All posts by gknoop1

Blog #6 – “English, please” (The Power and Purpose of Plain Language)

Being technically inclined is a blessing and a curse; I’m able to troubleshoot my own issues with computers, but people sometimes ask for my help. It isn’t that the request for my help is a problem, but it irritates me to no end when I try to explain something in simple terms and it’s requested that I give directions “in English”. However, I understand the nature of the request. Plain language is vital when it comes to teaching a skill to people who lack fundamental knowledge about a specialized area within STEM.

A year or two ago, I was trying to teach my grandmother how to use a computer. I had to break everything down using simpler terms. She knew what I meant when I said she had to “click” an “icon”, but she didn’t know the names for things. She could grasp the concept of a “browser”, but she knew programs better as just that – programs. She knew each program was used for a different purpose, but she didn’t know them by name, as she doesn’t have much experience with computers. Plain language is especially helpful when explaining concepts marked by generational gaps (e.g. how to use a modern OS on a computer).

What I was saying earlier about being asked to use “English” when explaining how to troubleshoot an issue – that was something my aunt said to me when I visited her in Texas recently.  I’ve realized time and time again that it is absolutely crucial to use plain language with people who possess a basic understanding of computers. As a Computer Science major surrounded by technically inclined people, it’s easy to forget. People lose interest in what you’re talking about and get frustrated when you don’t use plain language. In the context of the general public, it is especially important to use plain language when speaking about STEM concepts because it serves to inform people in terms they understand. Now, there’s also a time and place for more technical/advanced terminology, but that is only with people who have an intermediate or advanced understanding of the topic you speak about.

Using plain language to explain computer science concepts to a beginner is extremely different from using plain language to explain the same concepts to say, a database administrator. Plain language, while helpful to beginners, can serve to irritate advanced users and also slow down the process of learning/teaching. If you are aware that a person understands the more advanced concepts of what you’re speaking about, then it’s important that you use vocabulary effectively in order to explain things in a reasonably succinct fashion.

I strongly agree that the author is responsible for using appropriate language when speaking to their audience. Before you even begin to write a piece, it is your responsibility, as the author, to know who your intended audience is. If you’re speaking to people who work within the same field, use the language you’d normally use. However, if you’re speaking to beginners or if there’s any doubt about who will see what you’ve written, use plain language! The audience bears the responsibility of asking questions when instructions are unclear.  Now, the author should write in a manner that enables the audience to understand what they’re talking about, but if uncommon/advanced terms or concepts are left undefined, then they might be doing more harm than help by leaving the audience in the dust, so to speak. The reader has the power to inform the author of the effectiveness of the piece. If there are any errors or if the piece lacks clarity, then the audience is able to inform the author and vicariously (through the author) ensure that future readers will be able to attain the understanding of the concepts that they seek to understand by reading the writer’s piece.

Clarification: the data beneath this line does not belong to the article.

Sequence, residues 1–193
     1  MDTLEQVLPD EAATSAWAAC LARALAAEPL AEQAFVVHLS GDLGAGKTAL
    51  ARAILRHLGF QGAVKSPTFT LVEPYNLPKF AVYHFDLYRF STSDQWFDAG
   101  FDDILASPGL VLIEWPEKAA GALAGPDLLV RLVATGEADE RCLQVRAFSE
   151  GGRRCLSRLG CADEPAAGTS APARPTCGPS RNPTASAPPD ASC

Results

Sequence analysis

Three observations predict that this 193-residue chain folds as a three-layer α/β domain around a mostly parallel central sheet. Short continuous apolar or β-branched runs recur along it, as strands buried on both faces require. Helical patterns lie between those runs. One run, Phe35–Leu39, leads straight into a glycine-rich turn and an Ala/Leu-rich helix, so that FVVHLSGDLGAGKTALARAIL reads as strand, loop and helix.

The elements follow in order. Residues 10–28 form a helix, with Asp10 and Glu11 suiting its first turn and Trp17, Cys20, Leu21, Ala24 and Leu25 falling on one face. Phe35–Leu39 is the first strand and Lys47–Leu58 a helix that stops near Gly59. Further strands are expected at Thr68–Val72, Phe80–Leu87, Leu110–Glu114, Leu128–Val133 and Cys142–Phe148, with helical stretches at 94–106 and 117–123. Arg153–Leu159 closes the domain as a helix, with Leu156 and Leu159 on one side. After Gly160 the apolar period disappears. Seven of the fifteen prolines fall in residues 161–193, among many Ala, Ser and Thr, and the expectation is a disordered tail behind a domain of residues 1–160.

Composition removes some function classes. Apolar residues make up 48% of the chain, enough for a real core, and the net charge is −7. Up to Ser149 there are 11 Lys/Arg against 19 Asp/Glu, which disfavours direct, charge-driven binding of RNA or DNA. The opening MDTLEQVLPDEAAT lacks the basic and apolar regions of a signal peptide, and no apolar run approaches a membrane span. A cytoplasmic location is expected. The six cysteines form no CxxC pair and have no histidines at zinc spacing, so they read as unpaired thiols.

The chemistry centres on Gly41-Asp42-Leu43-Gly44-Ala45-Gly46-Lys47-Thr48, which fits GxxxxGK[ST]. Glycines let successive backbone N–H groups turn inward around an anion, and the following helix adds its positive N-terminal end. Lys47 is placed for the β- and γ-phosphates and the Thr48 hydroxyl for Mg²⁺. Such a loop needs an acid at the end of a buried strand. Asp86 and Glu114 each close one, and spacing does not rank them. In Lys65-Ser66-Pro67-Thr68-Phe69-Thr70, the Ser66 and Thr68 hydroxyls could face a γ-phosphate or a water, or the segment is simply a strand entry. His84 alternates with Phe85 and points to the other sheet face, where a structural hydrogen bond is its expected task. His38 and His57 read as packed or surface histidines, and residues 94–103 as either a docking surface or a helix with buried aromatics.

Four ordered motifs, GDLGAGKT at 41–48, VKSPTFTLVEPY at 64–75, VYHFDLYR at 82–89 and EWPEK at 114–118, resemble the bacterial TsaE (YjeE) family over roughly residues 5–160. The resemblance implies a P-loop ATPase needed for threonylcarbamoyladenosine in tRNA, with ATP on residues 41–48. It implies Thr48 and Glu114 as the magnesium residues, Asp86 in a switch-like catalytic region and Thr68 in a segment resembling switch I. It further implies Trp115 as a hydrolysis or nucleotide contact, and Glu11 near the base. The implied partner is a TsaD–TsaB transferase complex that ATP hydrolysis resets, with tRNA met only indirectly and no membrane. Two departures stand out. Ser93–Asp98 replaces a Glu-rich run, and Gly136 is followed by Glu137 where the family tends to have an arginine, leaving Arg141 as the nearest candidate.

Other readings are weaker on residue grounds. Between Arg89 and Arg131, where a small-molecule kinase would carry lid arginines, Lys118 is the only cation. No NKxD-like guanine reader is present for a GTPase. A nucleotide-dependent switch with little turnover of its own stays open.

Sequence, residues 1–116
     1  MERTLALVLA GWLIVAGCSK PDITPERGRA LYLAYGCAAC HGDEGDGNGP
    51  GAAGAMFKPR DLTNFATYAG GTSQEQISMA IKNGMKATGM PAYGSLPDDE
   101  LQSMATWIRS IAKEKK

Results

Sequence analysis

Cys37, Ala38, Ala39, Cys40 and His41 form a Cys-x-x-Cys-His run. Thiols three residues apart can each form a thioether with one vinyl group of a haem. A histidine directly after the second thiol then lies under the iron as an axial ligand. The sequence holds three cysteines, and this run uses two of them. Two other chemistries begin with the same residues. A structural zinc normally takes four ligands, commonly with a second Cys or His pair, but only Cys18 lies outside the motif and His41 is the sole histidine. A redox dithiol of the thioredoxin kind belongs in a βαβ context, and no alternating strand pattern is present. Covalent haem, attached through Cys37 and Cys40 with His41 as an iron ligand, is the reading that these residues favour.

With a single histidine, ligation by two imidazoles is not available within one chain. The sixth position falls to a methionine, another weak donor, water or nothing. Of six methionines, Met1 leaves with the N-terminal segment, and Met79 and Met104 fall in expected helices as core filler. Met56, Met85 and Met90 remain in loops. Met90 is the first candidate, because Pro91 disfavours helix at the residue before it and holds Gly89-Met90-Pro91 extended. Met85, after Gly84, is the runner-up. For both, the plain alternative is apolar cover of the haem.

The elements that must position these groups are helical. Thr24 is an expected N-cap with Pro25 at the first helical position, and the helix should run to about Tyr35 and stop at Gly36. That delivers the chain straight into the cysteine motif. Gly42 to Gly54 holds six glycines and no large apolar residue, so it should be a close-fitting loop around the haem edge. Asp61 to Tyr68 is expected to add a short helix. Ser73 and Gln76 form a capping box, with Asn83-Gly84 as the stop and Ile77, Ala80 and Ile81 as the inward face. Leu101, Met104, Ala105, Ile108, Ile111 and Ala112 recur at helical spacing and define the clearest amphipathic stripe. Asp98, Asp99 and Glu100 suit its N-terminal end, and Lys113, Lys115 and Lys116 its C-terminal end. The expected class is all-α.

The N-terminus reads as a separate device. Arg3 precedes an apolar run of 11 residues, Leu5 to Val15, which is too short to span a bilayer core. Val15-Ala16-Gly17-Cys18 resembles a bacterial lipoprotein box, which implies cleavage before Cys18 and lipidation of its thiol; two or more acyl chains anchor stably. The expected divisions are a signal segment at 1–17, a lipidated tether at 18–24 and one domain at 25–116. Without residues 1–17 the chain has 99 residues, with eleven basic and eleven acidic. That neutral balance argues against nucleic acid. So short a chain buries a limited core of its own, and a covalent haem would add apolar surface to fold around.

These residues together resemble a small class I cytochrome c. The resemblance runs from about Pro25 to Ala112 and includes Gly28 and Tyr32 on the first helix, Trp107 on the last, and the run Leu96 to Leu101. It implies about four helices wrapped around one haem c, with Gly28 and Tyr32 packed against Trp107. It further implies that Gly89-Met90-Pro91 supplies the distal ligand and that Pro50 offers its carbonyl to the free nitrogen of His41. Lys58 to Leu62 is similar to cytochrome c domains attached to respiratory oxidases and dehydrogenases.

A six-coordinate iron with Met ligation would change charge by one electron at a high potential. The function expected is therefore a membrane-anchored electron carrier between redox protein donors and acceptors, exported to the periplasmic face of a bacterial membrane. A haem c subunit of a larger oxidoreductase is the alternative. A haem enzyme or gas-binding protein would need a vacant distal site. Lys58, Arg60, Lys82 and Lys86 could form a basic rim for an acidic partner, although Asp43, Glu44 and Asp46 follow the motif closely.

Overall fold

In conclusion:

  • Plain language makes STEM subjects more appealing to beginners because it makes it easier to understand them.
  • Plain language can work against a technical communicator because it can slow down communication between two people who are well-versed about the same subject.
  • It is the author’s responsibility to know their audience and it is the audience’s responsibility to inform the author of any flaws in the writing.

Blog #3 – Beyond the Resume / Using the Internet to Improve My Image

Currently, my online/professional identity is presented in a pretty generic format. I have a website set up with some basic information about myself that includes a link to my resume. Eventually, I’d like to create a video resume and a portfolio to show off what I’m capable of. Additionally, I’d like to revise my existing resume to be more interesting and also more specific.

Right now, my resume is pretty basic. It lists my job experience, the schools I’ve attended, and the organizations I was involved in during high school. I use a template that I found in the Microsoft Word template library; it forces all-caps for titles and the text is blue. I don’t feel like it really stands out. It would probably be in my best interest to create different resumes for different types of jobs; I’m not sure that it makes a good impression for potential employers to see I was working at a skating rink called “Fun Galaxy” at one point.

Hmm, yes, the smell of sweat masked by the smell of Lysol. Potential employers will definitely want to hear about this.
Hmm, yes, the smell of sweat masked by the smell of Lysol. Potential employers will definitely want to hear about this.

I think using a QR code would be wise for a more “modern” version of my resume; the code could be a link to my website, which, ideally would have  a portfolio showcasing different projects (i.e. code samples from programming classes, contributions to my high school’s yearbook, and some of the music I’ve made).

Scan it if you're feeling bold.
Scan it if you’re feeling bold.

Using a video resume would be beneficial because video is inherently multimodal and using this format would allow employers to get a glimpse at who I am, as well as how I present myself. Video allows applicants to showcase something that typed resumes can’t: their personality.

In the video below, a man uses video to inform and entertain viewers, in hopes of getting hired at Google.

Ultimately, I want to present myself as being multi-faceted, and I believe a video resume is probably the best way to accomplish this. I’d be able to show off my personality and also, since video is multi-modal, I could use the format to present brief snippets of non-written work from my portfolio (e.g. music).